Medium Format Film Systems (C or V)
Hasselblad has been the world's most coveted professional camera ever since the 1950s when Ansel Adams and almost every other top commercial photographer started shooting them. Hasselblad remained in this spot, a spot so high that it gave LEICA owners a camera about which to dream, until this line of Hasselblads was discontinued on 29 April 2013.
Everything Hasselblad made from 1957 through 2013 is forwards and backwards compatible, like LEICA. It's a real European professional system, not garbage from the Orient like Nikon, which has more incompatibles in its systems than Swiss cheese has holes. With Hasselblad, it all works together - no need to buy anything new.
Professionals accept nothing less. We demand that what we buy doesn't have to be replaced every 10 or 20 years. With Hasselblad, what you buy used today should last and be serviceable for decades, and should all work with each other. Even film magazines from the 1940s work on the newest cameras from the 2000s!
Today, if you're not trying to use TTL flash or motor drives etc. that people rarely use today for what we shoot with film in Hasselblads, all the bodies are all the same for practical shooting.
While all the bodies take the same pictures, the earliest have very, very dark finder screens. Get at least a 501C or 503 CX which has a modern super-bright "Acute-Matte" screen, otherwise it's nearly impossible to see well enough to focus with the standard screens of older models like the otherwise wonderful 500 C/M.
You can buy bright screens (Acute-Matte) and use them in the old 500 C/M (not 500C) bodies, but the screens themselves sell for enough to make up the difference in price to just get a newer body with the brighter screen. Avoid off-brand "bright" screens; they don't work very well. Stick to Hasselblad's Acute Matte screens for the best results.
Viewing and Metering
Forget the iconic pop-up viewing hood. Its images are reversed left to right and it's a pain to see anyway. Get a prism to see properly.
I prefer a PME-style Metered Prism. It both makes viewing much better, and with its built-in through-the-lens-meter, tap a button, read a number in the finder, set that on the lens, and your exposure is set.
Be sure your prism is calibrated to whichever viewing screen you use. The oldest model PME I use was originally calibrated for the dark screens, but the one I bought used recently just happened to have been calibrated for an Acute-Matte screen, so I was all set. Just set your ASA dial as needed to get the correct reading; no need to send it out.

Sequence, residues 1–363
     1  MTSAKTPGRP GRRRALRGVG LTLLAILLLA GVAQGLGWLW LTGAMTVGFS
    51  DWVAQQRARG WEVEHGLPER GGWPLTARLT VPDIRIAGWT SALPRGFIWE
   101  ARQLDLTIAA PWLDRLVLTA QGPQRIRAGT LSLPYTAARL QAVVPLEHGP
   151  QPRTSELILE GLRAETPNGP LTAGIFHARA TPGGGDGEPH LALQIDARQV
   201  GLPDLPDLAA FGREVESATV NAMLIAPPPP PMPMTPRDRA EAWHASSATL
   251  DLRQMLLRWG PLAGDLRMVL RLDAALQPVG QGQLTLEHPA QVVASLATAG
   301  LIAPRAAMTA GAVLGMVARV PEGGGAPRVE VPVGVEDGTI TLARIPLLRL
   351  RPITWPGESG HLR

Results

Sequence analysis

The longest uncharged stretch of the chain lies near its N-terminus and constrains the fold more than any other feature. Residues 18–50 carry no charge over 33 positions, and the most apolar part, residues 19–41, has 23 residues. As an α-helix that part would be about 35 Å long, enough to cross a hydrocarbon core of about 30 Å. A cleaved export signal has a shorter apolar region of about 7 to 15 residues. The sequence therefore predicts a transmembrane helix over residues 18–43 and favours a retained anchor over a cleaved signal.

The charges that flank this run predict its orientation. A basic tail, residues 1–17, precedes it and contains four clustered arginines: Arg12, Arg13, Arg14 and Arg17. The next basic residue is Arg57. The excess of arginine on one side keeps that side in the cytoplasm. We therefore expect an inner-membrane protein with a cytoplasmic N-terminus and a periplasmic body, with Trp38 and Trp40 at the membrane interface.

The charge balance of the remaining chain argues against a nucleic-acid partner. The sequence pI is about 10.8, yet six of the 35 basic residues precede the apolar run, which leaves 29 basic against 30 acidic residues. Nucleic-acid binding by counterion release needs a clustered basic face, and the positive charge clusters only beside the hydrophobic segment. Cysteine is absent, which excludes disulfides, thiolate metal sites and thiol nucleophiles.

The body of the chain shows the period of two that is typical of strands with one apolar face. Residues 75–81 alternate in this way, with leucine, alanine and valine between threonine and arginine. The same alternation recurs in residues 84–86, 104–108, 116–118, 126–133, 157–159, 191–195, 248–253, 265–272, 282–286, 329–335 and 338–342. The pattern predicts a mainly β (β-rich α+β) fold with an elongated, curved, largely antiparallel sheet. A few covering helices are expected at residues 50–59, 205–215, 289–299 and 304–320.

Hasselblad never let amateurs on to this, but the Zeiss optics for most lenses like the 80mm f/2.8, 150mm f/4 and 250mm f/5.6 were so perfect at their introduction in 1957 that, except for the very minor improvement of adding T✻ multicoating in the 1970s, their optical designs never changed through 2013! Hasselblad introduced minor cosmetic changes along with marketing fluff like blacker black paint inside to try to scare amateurs into buying new lenses, while pros all knew they had identical optics and just serviced and happily shot their decades-old lenses. The most important lenses in the Hasselblad system (80, 150 and 250mm) had identical optics for 56 years!
While the 40mm and 50mm lenses were completely redesigned and greatly improved in 1982, the legendary 38mm BIOGON lens of the SWC used from 1954~2001 was downgraded slightly in 2001 when they stopped using leaded glass.
C (chrome 1957~1972, then black 1972~1983)
C stands for Central (leaf) shutter, a completely new system from the earlier F (1000F and 1600F focal-plane shutter cameras) from the 1940s.
You can recognize these by their all-metal fluted focus rings.
A huge advantage to these first C lenses is that they all have self-timers built into their shutters so, along with the TIME exposure abilities of the Hasselblad bodies, you never need to use a cable release for vibration-free exposures of any length.
These older C lenses are now so old you should budget time and money to have them overhauled for the shutters to work well, otherwise they almost always will be sticky and slow.
I wouldn't buy one of these unless you are a repairman. Even if the lens sounds like it's working OK, unless its been recently overhauled by a specialist, it's unlikely to be running accurately.
CF lenses have rubber-covered focus rings.
These also work with Hasselblad's newer electronic focal-plane shutter cameras (but not the ancient 1000F and 1600F), thus the name "CF."
While I love the self-timers of the older C lenses, I prefer the CF lenses because they almost always work perfectly when you get them without needing service.
Newer lenses (CB and CFi) got cheaper and used more plastic; they added fluff like automation for use with the newer bodies. This is why I suggest the CF lenses for use today: best quality and lowest prices.
Avoid the CB (Basic) lenses. These were a line of cheaper lenses sold to try to get lesser photographers into the Hasselblad system.
These didn't last long (like Nikon's Series E in the 1970s); no one buys Hasselblad to use second-rate lenses.
The CFi lenses have plastic (cleverly marketed as "macrolon") filter mounts. Boo!
CFE are like CFi, but add electronic contacts for use with Hasselblad's electronic cameras, leading us back to square one: unless you're using an electronic magic auto zone-system calculating Hasselblad, any working C or CF lens has the same spectacular optics for a lot less money and does the same things as the newest lenses.
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03 September 2017, 25 May 2017, December 2010